However, if the crime is raised to a felony, penalties are far more serious. For example, if you commit assault with a deadly weapon (a gun, knife or other means of force likely to cause great bodily injury), you may be charged with a felony. The same is true if the victim was a police officer or if the individual suffered serious injury. In those cases, penalties may include: A prison term of between 16 months and four years (sometimes longer if the victim was injured or the crime was
- sexual in nature
- Fines of up to $2,000
- Probation that extends several years
- Completion of educational courses related to your conduct, such as domestic violence, anger management or substance abuse treatment
What if I Swung, but Missed in a Fight?
One client asks, “I was in a fight, and while I swung at a guy, I missed. Am I facing criminal charges in Orange County?” The answer is yes. Taking a swing at someone but you miss during a heated argument is considered a simple assault in California, provided the intended victim was within striking distance.
Can an Assault and Battery Keep Me From Getting a Job?
Not only can an assault and battery conviction prevent you from getting that perfect job, it can limit your options in a number of other ways, as well. A conviction, regardless of whether it’s a misdemeanor or felony, will become part of your permanent criminal record. It can significantly impact your life in a number of ways. If you face future convictions of other crimes, you can and likely will face a tougher sentence. A criminal record, even if it is a misdemeanor, can be easily found and used against you when you’re looking for a home, applying for a job or just looking for a fresh start. Those convicted of felonies have even more to face. They lose their rights to own firearms, to vote or run for public service. Any professional licenses are in jeopardy, as well. If you’re wondering the differences between simply acceptable and remarkable defense representation, you’ll see that difference in what ultimately happens in your case and what efforts are made to protect your future.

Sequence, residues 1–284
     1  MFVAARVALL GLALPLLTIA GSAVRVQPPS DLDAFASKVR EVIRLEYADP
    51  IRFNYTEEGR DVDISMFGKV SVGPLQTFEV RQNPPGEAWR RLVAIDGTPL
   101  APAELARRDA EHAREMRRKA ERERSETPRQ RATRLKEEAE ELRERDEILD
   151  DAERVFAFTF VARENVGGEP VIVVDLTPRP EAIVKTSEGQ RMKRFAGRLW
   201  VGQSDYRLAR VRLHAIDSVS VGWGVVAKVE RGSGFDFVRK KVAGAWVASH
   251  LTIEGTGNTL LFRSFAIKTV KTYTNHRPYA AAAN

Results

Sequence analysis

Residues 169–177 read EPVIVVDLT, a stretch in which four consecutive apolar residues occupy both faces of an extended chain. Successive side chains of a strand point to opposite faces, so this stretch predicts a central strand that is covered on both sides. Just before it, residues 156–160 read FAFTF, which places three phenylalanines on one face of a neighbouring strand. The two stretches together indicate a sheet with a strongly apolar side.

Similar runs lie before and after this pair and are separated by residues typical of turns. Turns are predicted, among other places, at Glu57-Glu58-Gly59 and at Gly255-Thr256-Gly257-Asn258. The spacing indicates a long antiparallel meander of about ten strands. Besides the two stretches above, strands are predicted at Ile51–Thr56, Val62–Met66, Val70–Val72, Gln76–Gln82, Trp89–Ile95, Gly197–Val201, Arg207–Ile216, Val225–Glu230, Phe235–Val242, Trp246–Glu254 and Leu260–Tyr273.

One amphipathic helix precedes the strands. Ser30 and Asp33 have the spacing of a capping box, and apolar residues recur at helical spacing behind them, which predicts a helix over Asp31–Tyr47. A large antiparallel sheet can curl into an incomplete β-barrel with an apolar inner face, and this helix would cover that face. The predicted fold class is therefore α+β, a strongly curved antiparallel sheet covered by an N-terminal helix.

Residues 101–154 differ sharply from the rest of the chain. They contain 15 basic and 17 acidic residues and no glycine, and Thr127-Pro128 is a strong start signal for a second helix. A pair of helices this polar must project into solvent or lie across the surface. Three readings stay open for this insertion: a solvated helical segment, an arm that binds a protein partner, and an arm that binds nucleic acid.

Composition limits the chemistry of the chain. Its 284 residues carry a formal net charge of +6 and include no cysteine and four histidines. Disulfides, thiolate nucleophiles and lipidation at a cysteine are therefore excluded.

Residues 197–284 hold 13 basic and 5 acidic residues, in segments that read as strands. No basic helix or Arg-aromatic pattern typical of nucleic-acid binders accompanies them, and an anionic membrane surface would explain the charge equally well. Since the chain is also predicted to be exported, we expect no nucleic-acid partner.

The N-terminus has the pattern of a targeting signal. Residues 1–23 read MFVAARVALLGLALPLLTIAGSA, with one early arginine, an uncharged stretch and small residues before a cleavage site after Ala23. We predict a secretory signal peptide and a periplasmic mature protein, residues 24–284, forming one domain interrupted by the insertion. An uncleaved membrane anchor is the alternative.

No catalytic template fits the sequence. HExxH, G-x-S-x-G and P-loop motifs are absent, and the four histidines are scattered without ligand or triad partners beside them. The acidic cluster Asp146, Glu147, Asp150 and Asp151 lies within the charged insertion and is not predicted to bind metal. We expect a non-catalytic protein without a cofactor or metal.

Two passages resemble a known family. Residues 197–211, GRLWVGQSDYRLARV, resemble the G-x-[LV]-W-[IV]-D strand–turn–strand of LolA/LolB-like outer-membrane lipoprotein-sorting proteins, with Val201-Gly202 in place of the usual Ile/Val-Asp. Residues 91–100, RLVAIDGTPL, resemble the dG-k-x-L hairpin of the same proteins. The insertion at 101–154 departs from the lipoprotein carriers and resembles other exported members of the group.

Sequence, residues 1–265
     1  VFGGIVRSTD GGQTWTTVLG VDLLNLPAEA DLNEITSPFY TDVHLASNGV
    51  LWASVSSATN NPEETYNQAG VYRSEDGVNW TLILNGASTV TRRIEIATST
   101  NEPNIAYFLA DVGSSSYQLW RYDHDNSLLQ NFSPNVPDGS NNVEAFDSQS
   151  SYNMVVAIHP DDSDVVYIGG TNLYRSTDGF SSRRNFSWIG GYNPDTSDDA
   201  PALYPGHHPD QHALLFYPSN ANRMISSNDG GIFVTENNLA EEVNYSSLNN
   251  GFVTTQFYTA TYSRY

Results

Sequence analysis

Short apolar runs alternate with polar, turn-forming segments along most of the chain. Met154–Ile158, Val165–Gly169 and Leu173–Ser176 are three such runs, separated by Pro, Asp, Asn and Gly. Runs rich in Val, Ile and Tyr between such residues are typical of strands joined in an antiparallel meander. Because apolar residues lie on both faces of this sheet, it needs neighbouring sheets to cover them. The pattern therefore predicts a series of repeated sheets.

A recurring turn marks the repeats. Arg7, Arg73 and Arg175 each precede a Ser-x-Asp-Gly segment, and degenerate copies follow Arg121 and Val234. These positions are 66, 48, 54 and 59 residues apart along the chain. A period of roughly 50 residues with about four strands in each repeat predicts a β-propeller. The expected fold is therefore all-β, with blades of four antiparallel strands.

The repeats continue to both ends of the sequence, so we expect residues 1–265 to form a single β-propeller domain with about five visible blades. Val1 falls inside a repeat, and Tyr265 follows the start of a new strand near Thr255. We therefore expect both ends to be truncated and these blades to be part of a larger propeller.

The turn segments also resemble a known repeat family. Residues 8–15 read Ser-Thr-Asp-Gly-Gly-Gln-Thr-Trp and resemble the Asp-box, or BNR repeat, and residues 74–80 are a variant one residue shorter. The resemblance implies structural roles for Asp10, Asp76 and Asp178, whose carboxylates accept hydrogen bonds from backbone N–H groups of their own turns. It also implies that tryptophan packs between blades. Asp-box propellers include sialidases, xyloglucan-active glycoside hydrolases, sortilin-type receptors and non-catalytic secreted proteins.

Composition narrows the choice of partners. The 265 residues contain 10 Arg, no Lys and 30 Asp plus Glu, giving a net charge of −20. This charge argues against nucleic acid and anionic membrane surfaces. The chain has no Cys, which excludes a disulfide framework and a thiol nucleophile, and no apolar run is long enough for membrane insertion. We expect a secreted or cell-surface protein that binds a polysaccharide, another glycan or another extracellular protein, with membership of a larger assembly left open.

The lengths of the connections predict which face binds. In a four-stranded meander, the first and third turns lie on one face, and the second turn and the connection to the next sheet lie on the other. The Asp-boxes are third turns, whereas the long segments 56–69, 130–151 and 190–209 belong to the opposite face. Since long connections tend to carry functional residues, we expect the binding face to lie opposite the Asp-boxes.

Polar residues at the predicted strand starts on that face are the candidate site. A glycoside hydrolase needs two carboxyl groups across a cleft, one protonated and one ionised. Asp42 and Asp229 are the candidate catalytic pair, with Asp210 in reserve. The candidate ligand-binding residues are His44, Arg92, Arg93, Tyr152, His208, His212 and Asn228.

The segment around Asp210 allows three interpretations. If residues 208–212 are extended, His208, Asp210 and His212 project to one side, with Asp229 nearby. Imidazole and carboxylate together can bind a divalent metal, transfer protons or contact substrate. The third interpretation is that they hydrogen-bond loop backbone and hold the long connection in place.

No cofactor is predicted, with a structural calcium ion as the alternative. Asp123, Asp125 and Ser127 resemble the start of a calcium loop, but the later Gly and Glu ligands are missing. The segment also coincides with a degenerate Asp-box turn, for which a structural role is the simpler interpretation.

Defenses Against Assault and Battery Charges
The strategy your Southern California assault & battery attorney formulates in your case is going to depend heavily on the underlying circumstances.Among those possible defenses: Self-defense. This can be asserted if the defendant had a reasonable belief he or someone else was in imminent danger of bodily injury or unlawful touching, or it was necessary to defend against danger, and the amount of force used was limited to that which was reasonably necessary. No willful action. Although prosecutors don’t need to show the defendant intended to harm, they do need to prove the defendant acted willfully. So if the incident stemmed from an accident, there can be no case. Lack of ability to inflict force or violence. This is key in assault cases. It’s not enough for the state to show defendant threatened someone. He or she must also have had a way to do so.
Experienced Assault & Battery Defense Lawyers
The physical and legal consequences of assault & battery charges in Orange County & Riverside, CA are serious. These charges affect your life in ways you likely haven’t even considered. It’s not enough to find a lawyer; you need an experienced assault and battery litigator who can guide you as we defend your rights and work to prove your innocence. Our team of defense attorneys will review all the evidence in your case and look for failures or shortcomings in the investigative process and any other avenues that benefit efforts of wishing to convict you of these crimes. We encourage you to contact our law offices today to discuss your case.